A couple who is expecting their first child travel around the U.S. in order to find a perfect place to start their family. Along the way, they have misadventures and find fresh connections with an assortment of relatives and old friends who just might help them discover "home" on their own terms for the first time.
Julien Janvier lost his mother young, drifted apart from his working class father and ever closer to confident Sophie Kowalsky, the Polish class outsider. Their dares game, symbolized by an... See full summary »
East Germany, the year 1989: A young man protests against the regime. His mother watches the police arresting him and suffers a heart attack and falls into a coma. Some months later, the GDR does not exist anymore and the mother awakes. Since she has to avoid every excitement, the son tries to set up the GDR again for her in their flat. But the world has changed a lot. Written by
The scene in the bank was filmed on 11 September 2001. Maria Simon later said that she found it very difficult to distinguish between acting and the unbelievable TV news from the real world. See more »
A GT6N-type streetcar, which was not in service before 1995, can be seen in the summer of 1990. See more »
Just as Rip Van Winkle slept through the American Revolution and woke up twenty years later to find himself a citizen of a brand new country, so Kathrin Sass, an East German woman, slips into a coma on the eve of the fall of the Berlin Wall only to wake up eight months later a member of a capitalist society. This is the premise of 'Good Bye Lenin,' a clever and affectionate tale about truth, love and family ties that transcends all national borders and boundaries.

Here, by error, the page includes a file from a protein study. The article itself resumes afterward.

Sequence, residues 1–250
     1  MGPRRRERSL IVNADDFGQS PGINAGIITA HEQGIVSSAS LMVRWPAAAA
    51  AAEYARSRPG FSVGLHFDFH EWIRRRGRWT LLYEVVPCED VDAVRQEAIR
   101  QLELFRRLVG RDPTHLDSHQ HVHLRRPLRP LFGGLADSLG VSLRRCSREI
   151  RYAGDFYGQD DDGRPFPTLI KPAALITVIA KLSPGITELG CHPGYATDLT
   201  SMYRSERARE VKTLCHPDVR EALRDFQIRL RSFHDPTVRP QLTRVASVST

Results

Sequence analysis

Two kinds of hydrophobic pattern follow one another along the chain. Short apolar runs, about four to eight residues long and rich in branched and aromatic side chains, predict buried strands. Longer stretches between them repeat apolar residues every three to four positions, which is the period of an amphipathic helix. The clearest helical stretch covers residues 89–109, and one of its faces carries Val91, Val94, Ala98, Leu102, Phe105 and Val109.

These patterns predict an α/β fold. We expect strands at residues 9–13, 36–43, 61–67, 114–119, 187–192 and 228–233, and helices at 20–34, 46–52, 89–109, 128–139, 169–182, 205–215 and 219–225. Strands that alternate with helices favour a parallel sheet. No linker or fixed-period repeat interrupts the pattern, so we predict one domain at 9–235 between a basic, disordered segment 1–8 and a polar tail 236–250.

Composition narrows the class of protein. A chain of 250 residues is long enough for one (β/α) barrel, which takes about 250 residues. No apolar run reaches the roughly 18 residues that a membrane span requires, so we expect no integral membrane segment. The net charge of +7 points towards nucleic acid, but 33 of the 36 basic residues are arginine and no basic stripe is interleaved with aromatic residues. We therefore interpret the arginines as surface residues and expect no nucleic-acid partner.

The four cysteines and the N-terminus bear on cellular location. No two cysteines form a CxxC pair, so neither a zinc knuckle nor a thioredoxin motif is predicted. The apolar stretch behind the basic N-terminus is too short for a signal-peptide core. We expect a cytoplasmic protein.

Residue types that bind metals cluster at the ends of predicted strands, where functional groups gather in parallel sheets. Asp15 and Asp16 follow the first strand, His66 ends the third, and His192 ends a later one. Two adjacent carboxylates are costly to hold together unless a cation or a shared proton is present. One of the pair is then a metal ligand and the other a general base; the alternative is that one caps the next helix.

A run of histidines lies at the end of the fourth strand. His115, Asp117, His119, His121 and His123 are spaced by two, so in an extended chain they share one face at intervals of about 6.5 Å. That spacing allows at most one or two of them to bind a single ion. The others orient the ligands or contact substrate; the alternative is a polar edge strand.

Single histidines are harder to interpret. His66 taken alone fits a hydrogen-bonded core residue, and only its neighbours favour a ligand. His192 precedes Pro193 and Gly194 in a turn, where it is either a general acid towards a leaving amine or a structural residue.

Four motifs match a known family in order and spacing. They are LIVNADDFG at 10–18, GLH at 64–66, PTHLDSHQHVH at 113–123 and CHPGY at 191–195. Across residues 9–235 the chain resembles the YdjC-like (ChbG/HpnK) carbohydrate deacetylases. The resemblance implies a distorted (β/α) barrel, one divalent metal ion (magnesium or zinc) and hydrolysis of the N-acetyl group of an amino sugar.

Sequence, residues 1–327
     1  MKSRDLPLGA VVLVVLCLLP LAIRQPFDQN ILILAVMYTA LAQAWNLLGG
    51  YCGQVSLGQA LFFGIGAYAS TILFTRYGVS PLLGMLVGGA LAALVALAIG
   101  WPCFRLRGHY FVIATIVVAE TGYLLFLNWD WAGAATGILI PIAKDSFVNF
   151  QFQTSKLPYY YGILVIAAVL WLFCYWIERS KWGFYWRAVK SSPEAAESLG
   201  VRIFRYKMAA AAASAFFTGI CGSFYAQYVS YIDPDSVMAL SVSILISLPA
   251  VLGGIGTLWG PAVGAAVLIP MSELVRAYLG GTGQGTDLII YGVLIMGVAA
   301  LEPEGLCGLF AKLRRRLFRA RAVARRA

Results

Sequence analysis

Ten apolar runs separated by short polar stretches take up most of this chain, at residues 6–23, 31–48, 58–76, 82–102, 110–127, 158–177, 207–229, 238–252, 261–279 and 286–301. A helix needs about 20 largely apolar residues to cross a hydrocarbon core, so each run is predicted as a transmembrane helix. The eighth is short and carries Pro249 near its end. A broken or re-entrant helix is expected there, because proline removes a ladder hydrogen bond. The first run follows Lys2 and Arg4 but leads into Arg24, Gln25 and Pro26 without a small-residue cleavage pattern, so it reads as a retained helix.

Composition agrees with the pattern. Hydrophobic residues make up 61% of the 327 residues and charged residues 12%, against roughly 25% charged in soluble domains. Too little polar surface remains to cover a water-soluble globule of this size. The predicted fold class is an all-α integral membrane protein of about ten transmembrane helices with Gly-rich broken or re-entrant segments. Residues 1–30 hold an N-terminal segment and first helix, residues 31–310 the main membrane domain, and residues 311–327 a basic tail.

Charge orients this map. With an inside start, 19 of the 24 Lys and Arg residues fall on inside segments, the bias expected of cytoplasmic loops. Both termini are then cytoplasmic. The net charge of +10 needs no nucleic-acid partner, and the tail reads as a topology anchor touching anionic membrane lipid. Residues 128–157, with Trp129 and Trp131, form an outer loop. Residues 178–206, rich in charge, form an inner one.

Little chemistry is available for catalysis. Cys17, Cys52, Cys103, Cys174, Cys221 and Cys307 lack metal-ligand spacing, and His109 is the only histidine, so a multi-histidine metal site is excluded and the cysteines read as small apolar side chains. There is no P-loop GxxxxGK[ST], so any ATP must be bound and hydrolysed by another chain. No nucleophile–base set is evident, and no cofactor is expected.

Kathrin, a woman who has dedicated her life to the perpetuation of Communist Party ideology, suffers a major heart attack that plunges her into a comatose state a few months prior to the dissolution of the land she knows as East Germany. While she is 'asleep,' governments tumble, barriers crumble and a whole new tide of Western goods and values comes flooding eastwards to a ravenous, eagerly awaiting public. Then she wakes up. Fearing that the shock of finding such a radically changed world will lead to a second heart attack, her loving son, Alex, devises an elaborate scheme to shield her from the truth and to make her believe that the world she lives in now is the same world she knew eight months before (the basic premise is not that different from the one in 'Jacob the Liar').
'Good Bye Lenin!' is an amusing regional comedy that derives its laughs from two basic sources: the near-slapstick nature of the charade Alex is attempting to perpetrate, and the script's satirical view of a society rushing madly to embrace the joys of unbridled consumerism they have been so long denied. Given its gimmicky premise, 'Good Bye Lenin!' could have emerged as a one-joke comedy were it not for the fine sense of irony and absurdity that writer/director Wolfgang Becker (working with co-writer Bernd Lichtenberg) has brought to the project. In addition, young Daniel Bruhl as Alex and Katrin Sab as Kathrin deliver expert, moving performances that go to the very essence of the mother/child relationship.
I must confess that this film, despite its generally upbeat tone, brings with it a certain rueful sadness that the filmmakers may not exactly have intended. Could it really have been a mere fifteen years ago that the events depicted in this film actually happened - a mere fifteen years ago that the future of the human race seemed so full of joy, hope and promise? Now, in a post 9/11 world - where sectarian hatred and international terrorism rule the day - this image of people coming together to cast off the shackles of bondage and embrace freedom seems already like a quaint memory from the long distant past. In a strange way, the film has become something of a relic in its own time, outstripped by a world that has long since moved on to bigger and more dire concerns. 'Good Bye Lenin' reminds of just how long ago and far away the Cold War really was.
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